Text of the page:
The Egyptian daily Shorouk News reports that supporters of former President Morsi, the Muslim Brotherhood’s candidate, are desecrating churches and have raised the flag of Al-Qaeda in front of one church on Saturday night. The Clarion Project was provided with a translation of the newspaper report.
Hundreds of Morsi backers protested outside the Mary Girgis (St. George) Church in Girga in Sohag Governorate, furious at Christian support for the overthrow of Morsi. The church attendees locked the doors and stayed inside the building as the Islamist protesters denounced secularism and the Coptic Pope. The crowd then raised the black flag of Al-Qaeda, according to the Egyptian newspaper.
Dozens of Islamists also rioted in a Christian village in Maragha, also located in Sohag Governorate. The police had to step in as property was trespassed on and crosses on some of the homes’ doors and windows were destroyed.
One Morsi supporter is quoted as saying, “We are fighting a war” that secularists and Christians are waging upon Islam. He ridiculed Al-Azhar University, the highest Sunni school of learning, for not standing up for Morsi.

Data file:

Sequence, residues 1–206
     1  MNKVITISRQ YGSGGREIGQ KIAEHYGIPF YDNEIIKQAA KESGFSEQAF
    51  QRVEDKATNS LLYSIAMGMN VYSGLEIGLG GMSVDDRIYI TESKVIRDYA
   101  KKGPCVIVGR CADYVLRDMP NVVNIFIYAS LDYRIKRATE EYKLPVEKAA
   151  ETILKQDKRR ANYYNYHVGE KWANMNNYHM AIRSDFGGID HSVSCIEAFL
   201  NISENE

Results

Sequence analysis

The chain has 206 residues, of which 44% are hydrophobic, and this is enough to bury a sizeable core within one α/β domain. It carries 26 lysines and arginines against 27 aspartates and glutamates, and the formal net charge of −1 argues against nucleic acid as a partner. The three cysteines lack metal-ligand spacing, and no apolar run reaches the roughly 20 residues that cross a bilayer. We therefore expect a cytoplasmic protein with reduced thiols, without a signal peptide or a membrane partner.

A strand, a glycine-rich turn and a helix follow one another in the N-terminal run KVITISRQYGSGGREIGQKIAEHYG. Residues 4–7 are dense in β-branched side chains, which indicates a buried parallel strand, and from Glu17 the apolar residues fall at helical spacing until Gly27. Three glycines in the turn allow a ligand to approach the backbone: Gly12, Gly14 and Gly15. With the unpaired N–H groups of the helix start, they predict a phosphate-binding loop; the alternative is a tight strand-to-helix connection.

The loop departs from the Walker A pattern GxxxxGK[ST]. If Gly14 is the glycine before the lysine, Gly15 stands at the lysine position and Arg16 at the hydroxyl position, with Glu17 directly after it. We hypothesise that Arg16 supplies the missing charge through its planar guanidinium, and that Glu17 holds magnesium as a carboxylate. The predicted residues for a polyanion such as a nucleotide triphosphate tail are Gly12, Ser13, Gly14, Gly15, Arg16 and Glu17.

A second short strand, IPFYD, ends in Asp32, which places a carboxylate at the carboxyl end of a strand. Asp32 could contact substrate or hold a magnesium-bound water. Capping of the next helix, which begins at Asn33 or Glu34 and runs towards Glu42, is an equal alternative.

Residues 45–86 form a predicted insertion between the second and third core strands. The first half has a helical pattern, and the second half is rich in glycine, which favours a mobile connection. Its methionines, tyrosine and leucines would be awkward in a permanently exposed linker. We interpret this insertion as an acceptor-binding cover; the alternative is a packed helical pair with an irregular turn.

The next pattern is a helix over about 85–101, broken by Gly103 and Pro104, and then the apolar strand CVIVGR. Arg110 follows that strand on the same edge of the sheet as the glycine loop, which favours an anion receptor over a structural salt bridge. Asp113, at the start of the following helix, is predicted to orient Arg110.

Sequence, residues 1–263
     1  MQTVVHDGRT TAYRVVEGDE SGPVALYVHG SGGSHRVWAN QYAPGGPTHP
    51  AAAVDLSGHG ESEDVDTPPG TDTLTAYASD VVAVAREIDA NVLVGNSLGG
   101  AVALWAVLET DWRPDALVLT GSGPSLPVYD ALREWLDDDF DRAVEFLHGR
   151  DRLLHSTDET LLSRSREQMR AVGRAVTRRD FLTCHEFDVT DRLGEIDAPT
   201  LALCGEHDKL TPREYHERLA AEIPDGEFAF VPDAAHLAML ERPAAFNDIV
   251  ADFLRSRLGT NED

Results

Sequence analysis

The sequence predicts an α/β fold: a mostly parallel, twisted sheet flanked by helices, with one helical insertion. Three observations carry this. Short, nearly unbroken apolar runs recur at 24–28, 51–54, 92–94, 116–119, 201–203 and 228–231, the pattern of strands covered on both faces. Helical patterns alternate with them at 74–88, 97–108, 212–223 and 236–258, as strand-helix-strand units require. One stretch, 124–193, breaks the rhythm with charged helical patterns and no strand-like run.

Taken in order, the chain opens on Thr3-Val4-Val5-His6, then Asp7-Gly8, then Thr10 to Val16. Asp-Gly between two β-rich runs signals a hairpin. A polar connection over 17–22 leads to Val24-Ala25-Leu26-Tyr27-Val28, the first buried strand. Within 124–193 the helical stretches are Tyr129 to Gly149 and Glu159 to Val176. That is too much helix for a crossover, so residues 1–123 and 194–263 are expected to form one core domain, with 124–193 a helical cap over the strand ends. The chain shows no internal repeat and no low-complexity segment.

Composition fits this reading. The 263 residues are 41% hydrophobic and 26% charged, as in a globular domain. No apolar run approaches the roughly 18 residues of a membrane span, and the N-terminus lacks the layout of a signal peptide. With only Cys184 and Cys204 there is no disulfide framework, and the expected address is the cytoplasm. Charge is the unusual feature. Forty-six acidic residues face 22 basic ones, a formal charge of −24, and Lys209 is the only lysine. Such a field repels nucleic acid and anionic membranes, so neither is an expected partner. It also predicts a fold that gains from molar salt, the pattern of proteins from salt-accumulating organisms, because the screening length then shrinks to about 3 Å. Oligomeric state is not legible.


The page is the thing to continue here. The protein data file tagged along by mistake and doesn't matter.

“[I]n the last three weeks or so, we’ve seen Christians targeted, especially a Coptic priest who was killed in northern Sinai. An Egyptian businessman was killed and beheaded in northern Sinai. Churches were also burned, and Christians were driven out of their communities,” said Jerry Dykstra, spokesman for Open Doors USA.
The violence comes as Muslim Brotherhood spiritual leader Yousef al-Qaradawi accuses Egyptian Christians of killing innocent Muslims on behalf of the Egyptian military.
“[Defense Minister] Abd Al-Fattah Al-Sisi and his aides brought soldiers in multitudes – among them soldiers in uniform and soldiers wearing civilian clothing, including bullies, Christians and others. They were recruited in order to kill the defenseless Muslims,” Qaradawi said.
The situation in Egypt is growing more intense by the day. The Egyptian army is threatening that it will force an end to pro-Morsi sit-ins if they do not voluntarily disperse. The interim government has also announced that the trials of senior Muslim Brotherhood leaders for inciting violence will begin on August 25.
Well-known Brotherhood Supreme Guide Mohammed Badie and Khairat el-Shater, the Brotherhood’s original presidential candidate, were two of the defendants specifically named. El-Shater has been detained, but Badie has not been, indicating that his arrest is imminent.
Two former aides to Morsi are also under arrest and will face prosecution for kidnapping and torturing anti-Brotherhood protesters in December.
The showdown between the Muslim Brotherhood and the Egyptian military and secularists has only begun.
Ryan Mauro is the ClarionProject.org’s National Security Analyst, a fellow with the Clarion Project and is frequently interviewed on Fox News.